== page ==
29. A communications device according to claim 27, including control means for determining a desired output power and providing a corresponding control signal to the amplifier.
30. A communications devices according to claim 26, including predistortion means for predistorting an input signal to compensate for signal distortion in the amplifier, the output of the predistortion means forming the input for the amplifier, wherein the predistortion applied by the predistortion means is independent of the gain of the amplifier.
31. A communications devices according to claim 27, including predistortion means for predistorting an input signal to compensate for signal distortion in the amplifier, the output of the predistortion means forming the input for the amplifier, wherein the predistortion applied by the predistortion means is independent of the gain of the amplifier.
32. An envelope elimination and restoration linear amplifier comprising an envelope control loop including a feedback path, wherein the gain of said feedback path is variable for controlling the gain of the amplifier, said feedback path includes downconverter means for downconverting the frequency of the feedback signal therein and said feedback path includes gain control means before the downconverter means.
33. An amplifier according to claim 32, including a phase control loop.
34. An amplifier according to claim 33, wherein said feedback path is shared by the envelope control and phase control loops.
35. An amplifier according to claim 32, wherein the gain of the feedback path is electronically controllable.
36. An amplifier according to claim 35, wherein the feedback path comprises variable gain means responsive to a control signal to set its gain.
37. A communications device including an RF power amplifier according to claim 35.
38. A communications device including an RF power amplifier according to claim 36.
39. A communications device according to claim 37, including control means for determining a desired output power and providing a corresponding control signal to the amplifier.
40. A communications device according to claim 38, including control means for determining a desired output power and providing a corresponding control signal to the amplifier.
41. A communications devices according to claim 37, including predistortion means for predistorting an input signal to compensate for signal distortion in the amplifier, the output of the predistortion means forming the input for the amplifier, wherein the predistortion applied by the predistortion means is independent of the gain of the amplifier.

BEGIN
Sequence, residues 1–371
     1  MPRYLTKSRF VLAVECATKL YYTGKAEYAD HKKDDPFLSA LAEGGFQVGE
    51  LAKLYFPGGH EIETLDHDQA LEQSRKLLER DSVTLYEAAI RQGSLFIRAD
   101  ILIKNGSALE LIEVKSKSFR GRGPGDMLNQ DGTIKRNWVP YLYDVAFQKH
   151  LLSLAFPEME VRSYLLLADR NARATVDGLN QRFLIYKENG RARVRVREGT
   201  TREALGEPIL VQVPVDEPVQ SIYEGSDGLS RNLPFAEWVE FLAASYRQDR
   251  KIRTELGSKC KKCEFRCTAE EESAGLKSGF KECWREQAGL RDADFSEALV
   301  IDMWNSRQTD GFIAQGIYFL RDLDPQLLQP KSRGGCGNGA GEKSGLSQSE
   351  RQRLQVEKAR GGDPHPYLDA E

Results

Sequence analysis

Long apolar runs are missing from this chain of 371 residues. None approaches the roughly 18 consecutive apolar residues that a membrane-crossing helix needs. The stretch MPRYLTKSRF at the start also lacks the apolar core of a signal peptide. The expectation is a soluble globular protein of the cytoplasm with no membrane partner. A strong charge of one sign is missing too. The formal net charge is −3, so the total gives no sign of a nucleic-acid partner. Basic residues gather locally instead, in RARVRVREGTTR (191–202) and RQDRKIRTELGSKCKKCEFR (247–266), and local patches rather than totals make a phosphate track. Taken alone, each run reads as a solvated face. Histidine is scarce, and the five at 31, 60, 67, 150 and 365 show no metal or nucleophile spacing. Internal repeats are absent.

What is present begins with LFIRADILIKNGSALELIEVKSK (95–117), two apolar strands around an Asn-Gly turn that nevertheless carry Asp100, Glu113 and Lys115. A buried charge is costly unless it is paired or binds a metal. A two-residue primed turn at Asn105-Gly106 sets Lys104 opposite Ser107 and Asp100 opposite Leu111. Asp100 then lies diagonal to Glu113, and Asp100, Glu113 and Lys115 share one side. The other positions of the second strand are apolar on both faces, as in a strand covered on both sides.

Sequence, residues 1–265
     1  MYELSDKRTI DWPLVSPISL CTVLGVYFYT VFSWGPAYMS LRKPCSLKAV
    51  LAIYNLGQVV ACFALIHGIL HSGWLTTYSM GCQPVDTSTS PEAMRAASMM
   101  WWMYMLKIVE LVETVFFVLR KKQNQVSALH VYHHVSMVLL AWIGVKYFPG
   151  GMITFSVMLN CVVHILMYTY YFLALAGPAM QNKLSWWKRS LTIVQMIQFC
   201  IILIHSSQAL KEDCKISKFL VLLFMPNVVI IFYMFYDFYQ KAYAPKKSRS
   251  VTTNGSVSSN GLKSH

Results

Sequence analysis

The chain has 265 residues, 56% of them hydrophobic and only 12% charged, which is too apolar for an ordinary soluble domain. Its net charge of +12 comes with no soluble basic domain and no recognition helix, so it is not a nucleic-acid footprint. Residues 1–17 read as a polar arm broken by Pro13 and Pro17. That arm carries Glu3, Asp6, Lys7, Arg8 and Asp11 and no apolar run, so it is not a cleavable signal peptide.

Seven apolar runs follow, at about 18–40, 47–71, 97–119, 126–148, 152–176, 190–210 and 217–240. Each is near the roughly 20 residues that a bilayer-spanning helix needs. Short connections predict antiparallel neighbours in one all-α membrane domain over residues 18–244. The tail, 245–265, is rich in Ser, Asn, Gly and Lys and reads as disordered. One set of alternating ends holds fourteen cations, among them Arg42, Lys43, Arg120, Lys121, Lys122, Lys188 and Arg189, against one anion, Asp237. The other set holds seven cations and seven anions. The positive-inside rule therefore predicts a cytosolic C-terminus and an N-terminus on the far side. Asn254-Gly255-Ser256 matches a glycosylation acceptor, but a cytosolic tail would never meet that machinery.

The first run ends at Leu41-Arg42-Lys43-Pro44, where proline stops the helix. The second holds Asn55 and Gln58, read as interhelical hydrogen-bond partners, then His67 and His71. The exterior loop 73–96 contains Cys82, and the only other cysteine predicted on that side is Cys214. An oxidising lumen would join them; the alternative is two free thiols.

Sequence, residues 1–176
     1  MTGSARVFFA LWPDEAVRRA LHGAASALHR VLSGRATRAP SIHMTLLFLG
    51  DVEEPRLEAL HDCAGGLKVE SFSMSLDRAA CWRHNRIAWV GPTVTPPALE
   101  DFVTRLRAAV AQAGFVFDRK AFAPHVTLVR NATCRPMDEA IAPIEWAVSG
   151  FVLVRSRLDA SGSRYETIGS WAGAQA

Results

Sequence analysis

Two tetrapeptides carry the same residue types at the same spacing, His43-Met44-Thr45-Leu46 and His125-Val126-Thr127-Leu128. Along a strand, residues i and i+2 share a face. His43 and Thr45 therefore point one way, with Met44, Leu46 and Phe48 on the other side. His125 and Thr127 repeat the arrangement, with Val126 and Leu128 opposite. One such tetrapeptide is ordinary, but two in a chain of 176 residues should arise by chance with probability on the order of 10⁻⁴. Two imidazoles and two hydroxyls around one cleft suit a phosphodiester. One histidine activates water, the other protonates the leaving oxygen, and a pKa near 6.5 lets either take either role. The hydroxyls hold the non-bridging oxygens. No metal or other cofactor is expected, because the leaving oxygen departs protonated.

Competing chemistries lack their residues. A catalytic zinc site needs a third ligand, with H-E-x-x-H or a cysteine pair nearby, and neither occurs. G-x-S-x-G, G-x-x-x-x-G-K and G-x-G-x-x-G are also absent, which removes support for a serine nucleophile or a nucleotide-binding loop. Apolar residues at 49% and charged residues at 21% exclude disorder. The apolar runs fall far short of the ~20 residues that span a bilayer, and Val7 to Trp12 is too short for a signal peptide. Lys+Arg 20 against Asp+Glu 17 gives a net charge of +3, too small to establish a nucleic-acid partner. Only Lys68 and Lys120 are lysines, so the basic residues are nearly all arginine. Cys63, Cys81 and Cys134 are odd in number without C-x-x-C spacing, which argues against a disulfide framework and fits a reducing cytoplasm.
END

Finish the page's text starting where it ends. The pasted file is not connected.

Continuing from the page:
42. A communications devices according to claim 38, including predistortion means for predistorting an input signal to compensate for signal distortion in the amplifier, the output of the predistortion means forming the input for the amplifier, wherein the predistortion applied by the predistortion means is independent of the gain of the amplifier.
43. An envelope elimination and restoration linear amplifier comprising an envelope control loop including a feedback path and a phase control loop, wherein the gain of said feedback path is variable for controlling the gain of the amplifier, said feedback path includes downconverter means for downconverting the frequency of the feedback signal therein, said feedback path includes gain control means before the downconverter means and said feedback path is shared by the envelope control and phase control loops.
44. An amplifier according to claim 43, wherein the gain of the feedback path is electronically controllable.
45. An amplifier according to claim 44, wherein the feedback path comprises variable gain means responsive to a control signal to set its gain.
46. A communications device including an RF power amplifier according to claim 44.
47. A communications device including an RF power amplifier according to claim 45.
48. A communications device according to claim 44, including control means for determining a desired output power and providing a corresponding control signal to the amplifier.
49. A communications device according to claim 45, including control means for determining a desired output power and providing a corresponding control signal to the amplifier.
50. A communications devices according to claim 44, including predistortion means for predistorting an input signal to compensate for signal distortion in the amplifier, the output of the predistortion means forming the input for the amplifier, wherein the predistortion applied by the predistortion means is independent of the gain of the amplifier.
51. A communications devices according to claim 45, including predistortion means for predistorting an input signal to compensate for signal distortion in the amplifier, the output of the predistortion means forming the input for the amplifier, wherein the predistortion applied by the predistortion means is independent of the gain of the amplifier.
Description
BACKGROUND OF THE INVENTION

[0001] 1. Field of the Invention

[0002] The present invention relates to an envelope elimination and restoration linear amplifier.

[0003] 2. Brief Description of Related Developments